13. Gardner’s position, that “it is the height of hubris to suppose those things will ever be understood completely,” is not really the position of a mysterian. It is simple common sense, and the only coherent position one can take. Complete knowledge of anything real is not something science can deliver, as everybody knows well.

    The position of the mysterian would rather seem to be something like “there are some things we can never learn more about through science.” This position, I contend is false (if a fact about the real world is true, then that fact has consequences for the appearance of the real world, and scientific analysis of that appearance can always update our confidence in those facts) and the conflation of this position with Gardner’s perfectly reasonable statement (even, it seems, by Gardner himself) is one of the greatest recurring errors about science and philosophy.

    • In reply to #24 by tom campbell-ricketts:

      Complete knowledge of anything real is not something science can deliver, as everybody knows well.

      This is something science has not yet delivered, though it might one day. Don’t see any reason in principle why science couldn’t. In practice it might take a very long time though.

      Otherwise I agree, this supposed mysterian is simply confused, but I guess that’s a given.

      • In reply to #25 by Peter Grant:

        This is something science has not yet delivered, though it might one day. Don’t see any reason in principle why science couldn’t.

        Imagine I am an omniscient being. This implies that I know I am omniscient. But how could I know this? How can I be absolutely certain that this is a true belief, and not just a mistaken perception of true belief? Reductio ad absurdum: the omniscient deity disappears up its own backside in a puff of logical incoherence. No amount of science (or anything) can give justified complete confidence in statements about the real world, as to have justified complete confidence requires justified complete confidence in the procedure that delivered it, which just goes on forever.

        Technically, this is equivalent to the limitation of probability theory, that no probability assignment is independent of the probability model within which it is calculated – I can make my probability model as complicated as I wish, but if I want my calculation to terminate, then sooner or later, I will need to come to rest upon some assumptions that are not justified by any formal procedure.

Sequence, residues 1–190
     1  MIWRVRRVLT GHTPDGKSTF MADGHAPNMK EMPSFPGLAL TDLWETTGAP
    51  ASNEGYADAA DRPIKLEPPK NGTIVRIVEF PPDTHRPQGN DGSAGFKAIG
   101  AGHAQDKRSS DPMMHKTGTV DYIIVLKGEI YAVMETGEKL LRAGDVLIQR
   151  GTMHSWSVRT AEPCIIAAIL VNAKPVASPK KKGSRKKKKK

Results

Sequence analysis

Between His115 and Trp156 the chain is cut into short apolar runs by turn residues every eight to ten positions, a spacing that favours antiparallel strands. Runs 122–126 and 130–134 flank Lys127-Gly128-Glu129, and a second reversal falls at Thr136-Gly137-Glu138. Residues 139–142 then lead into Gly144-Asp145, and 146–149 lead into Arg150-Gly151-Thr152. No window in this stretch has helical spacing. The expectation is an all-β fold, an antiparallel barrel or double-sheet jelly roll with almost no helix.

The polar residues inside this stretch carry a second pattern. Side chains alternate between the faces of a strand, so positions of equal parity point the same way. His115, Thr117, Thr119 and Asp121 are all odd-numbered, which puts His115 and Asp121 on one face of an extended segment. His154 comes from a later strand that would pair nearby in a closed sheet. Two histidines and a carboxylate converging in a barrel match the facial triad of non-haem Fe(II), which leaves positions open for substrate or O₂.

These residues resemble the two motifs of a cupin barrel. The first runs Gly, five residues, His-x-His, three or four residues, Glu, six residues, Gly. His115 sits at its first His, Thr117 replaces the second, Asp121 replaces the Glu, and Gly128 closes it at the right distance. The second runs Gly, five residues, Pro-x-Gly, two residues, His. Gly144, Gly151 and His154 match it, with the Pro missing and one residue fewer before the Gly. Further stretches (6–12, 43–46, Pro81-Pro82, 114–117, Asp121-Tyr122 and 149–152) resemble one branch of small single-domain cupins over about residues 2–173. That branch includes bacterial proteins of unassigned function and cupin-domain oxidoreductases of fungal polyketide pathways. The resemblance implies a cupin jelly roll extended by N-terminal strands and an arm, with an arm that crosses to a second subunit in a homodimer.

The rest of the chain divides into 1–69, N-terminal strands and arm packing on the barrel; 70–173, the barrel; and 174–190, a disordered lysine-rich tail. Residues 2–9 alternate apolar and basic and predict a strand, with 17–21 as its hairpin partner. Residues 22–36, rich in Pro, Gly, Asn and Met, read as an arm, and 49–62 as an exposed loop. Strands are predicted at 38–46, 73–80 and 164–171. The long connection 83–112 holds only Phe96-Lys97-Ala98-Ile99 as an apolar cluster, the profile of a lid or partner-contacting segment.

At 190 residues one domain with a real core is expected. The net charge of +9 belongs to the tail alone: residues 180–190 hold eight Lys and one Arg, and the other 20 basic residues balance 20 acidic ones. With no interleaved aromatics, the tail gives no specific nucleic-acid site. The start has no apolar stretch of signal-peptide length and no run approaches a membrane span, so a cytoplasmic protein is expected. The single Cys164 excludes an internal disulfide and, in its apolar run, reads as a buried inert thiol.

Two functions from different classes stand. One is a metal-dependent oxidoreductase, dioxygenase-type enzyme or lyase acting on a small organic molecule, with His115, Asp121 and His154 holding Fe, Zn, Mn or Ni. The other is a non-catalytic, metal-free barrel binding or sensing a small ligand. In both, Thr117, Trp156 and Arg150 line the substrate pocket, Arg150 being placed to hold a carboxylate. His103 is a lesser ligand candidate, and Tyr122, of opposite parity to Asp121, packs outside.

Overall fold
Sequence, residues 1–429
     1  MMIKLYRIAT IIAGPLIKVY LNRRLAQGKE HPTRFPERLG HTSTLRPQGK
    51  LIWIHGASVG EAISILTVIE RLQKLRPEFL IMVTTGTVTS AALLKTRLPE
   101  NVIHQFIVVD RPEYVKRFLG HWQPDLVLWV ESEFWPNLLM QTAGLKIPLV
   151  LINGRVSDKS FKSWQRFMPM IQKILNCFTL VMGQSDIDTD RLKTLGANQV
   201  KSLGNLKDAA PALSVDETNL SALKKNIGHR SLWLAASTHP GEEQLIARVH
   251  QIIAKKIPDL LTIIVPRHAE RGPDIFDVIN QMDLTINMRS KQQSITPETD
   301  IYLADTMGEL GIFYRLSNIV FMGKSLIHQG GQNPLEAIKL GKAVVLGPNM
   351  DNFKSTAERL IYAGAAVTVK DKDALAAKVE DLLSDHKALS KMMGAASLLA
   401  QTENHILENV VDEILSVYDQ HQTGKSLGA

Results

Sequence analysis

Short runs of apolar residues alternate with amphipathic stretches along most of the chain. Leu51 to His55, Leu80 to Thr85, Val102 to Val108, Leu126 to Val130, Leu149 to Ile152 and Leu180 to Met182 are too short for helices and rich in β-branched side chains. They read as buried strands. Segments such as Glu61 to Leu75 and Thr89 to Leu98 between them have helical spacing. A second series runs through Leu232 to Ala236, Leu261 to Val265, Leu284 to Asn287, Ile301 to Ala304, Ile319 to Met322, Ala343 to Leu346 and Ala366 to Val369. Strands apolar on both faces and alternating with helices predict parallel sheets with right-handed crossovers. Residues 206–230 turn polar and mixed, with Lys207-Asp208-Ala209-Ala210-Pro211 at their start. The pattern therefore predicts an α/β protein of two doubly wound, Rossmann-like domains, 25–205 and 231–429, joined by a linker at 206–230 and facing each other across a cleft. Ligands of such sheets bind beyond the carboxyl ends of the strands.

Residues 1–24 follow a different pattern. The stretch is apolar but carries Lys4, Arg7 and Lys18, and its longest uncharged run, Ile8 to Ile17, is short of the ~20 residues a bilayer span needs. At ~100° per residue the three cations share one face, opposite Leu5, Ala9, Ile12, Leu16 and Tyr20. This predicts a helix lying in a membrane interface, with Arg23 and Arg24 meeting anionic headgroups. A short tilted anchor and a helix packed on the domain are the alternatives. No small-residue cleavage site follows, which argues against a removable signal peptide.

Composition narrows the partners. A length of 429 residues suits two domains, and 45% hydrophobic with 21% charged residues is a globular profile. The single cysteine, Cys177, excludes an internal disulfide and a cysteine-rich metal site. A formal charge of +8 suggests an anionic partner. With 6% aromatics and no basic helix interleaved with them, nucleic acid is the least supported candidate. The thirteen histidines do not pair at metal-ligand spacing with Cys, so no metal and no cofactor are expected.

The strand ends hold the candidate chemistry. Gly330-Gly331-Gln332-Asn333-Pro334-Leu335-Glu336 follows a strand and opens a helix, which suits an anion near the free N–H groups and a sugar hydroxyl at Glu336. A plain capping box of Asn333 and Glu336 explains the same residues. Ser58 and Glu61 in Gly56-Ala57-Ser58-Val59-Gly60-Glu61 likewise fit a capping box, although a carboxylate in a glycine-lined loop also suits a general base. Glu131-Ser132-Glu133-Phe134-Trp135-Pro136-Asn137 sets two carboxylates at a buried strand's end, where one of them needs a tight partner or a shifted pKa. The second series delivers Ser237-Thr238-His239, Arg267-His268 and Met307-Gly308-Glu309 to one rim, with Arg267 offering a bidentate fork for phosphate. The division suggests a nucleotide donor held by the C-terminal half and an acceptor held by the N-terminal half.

• In reply to #31 by tom campbell-ricketts:

          Imagine I am an omniscient being.

          Sorry, I can’t.

          No amount of science (or anything) can give justified complete confidence in statements about the real world, as to have justified complete confidence requires justified complete confidence in the procedure that delivered it, which just goes on forever.

          Yeah, but it could get so good that you wouldn’t be able tell the difference. Science tends towards perfection.

          Technically, this is equivalent to the limitation of probability theory, that no probability assignment is independent of the probability model within which it is calculated – I can make my probability model as complicated as I wish, but if I want my calculation to terminate, then sooner or later, I will need to come to rest upon some assumptions that are not justified by any formal procedure.

          Whatever works, science will adjust its views based on what’s observed.

        • In reply to #31 by tom campbell-ricketts:

          No amount of science (or anything) can give justified complete confidence in statements about the real world,

          It depends on how you round the figures on well tested scientific laws! (Complete confidence is a red-herring)

          You can back 99.999% probability and the tables of calculations, or back the 0.001% doubt. (approx)

          This is the usual god-slot-gapologists, “science cannot know with complete confidence”, argument!

  14. Seems Martin Gardner was a New Mysterian. Qualia again. Look the hard problem of consciousness cannot be resolved by humans because it’s not a real problem, OK! It’s a pseudo problem like “free will”. Consciousness is subjective, but we can still study it objectively. And there is no need to try to objectify consciousness to do so!

  15. We’ve learned so much in the last few hundred years and the pace of discovery is quickening…but there are millions of things in the universe and we don’t know millions of things, which is good as our kids will have something to strive towards….it would be sad to know ‘everything’ – Humans would be lost without something still to discover….anyway the universe is expanding therefore the limits of knowledge will always be beyond our reach… in theory if we cant know something we always try to rationally explain it anyway…